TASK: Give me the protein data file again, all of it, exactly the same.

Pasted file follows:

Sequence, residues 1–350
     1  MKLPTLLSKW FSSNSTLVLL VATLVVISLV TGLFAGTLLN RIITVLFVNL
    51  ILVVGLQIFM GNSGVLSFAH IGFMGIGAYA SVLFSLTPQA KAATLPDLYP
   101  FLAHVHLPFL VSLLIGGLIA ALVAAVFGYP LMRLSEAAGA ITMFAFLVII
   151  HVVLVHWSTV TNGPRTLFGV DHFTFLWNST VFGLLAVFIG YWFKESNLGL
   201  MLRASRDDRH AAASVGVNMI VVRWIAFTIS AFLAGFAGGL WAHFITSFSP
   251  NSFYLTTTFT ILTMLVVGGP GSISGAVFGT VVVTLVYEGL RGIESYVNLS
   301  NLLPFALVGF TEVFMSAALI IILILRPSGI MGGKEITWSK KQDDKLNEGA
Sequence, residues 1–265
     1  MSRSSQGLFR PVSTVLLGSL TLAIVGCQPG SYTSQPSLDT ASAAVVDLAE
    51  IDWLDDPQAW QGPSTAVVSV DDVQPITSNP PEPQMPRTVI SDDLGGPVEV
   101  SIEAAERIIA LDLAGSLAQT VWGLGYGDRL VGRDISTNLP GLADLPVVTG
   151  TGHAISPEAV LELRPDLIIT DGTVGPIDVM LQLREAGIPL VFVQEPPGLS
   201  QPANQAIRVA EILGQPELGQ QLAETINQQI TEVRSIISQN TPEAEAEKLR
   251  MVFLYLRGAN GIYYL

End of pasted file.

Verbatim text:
Sequence, residues 1–350
     1  MKLPTLLSKW FSSNSTLVLL VATLVVISLV TGLFAGTLLN RIITVLFVNL
    51  ILVVGLQIFM GNSGVLSFAH IGFMGIGAYA SVLFSLTPQA KAATLPDLYP
   101  FLAHVHLPFL VSLLIGGLIA ALVAAVFGYP LMRLSEAAGA ITMFAFLVII
   151  HVVLVHWSTV TNGPRTLFGV DHFTFLWNST VFGLLAVFIG YWFKESNLGL
   201  MLRASRDDRH AAASVGVNMI VVRWIAFTIS AFLAGFAGGL WAHFITSFSP
   251  NSFYLTTTFT ILTMLVVGGP GSISGAVFGT VVVTLVYEGL RGIESYVNLS
   301  NLLPFALVGF TEVFMSAALI IILILRPSGI MGGKEITWSK KQDDKLNEGA
Sequence, residues 1–265
     1  MSRSSQGLFR PVSTVLLGSL TLAIVGCQPG SYTSQPSLDT ASAAVVDLAE
    51  IDWLDDPQAW QGPSTAVVSV DDVQPITSNP PEPQMPRTVI SDDLGGPVEV
   101  SIEAAERIIA LDLAGSLAQT VWGLGYGDRL VGRDISTNLP GLADLPVVTG
   151  TGHAISPEAV LELRPDLIIT DGTVGPIDVM LQLREAGIPL VFVQEPPGLS
   201  QPANQAIRVA EILGQPELGQ QLAETINQQI TEVRSIISQN TPEAEAEKLR
   251  MVFLYLRGAN GIYYL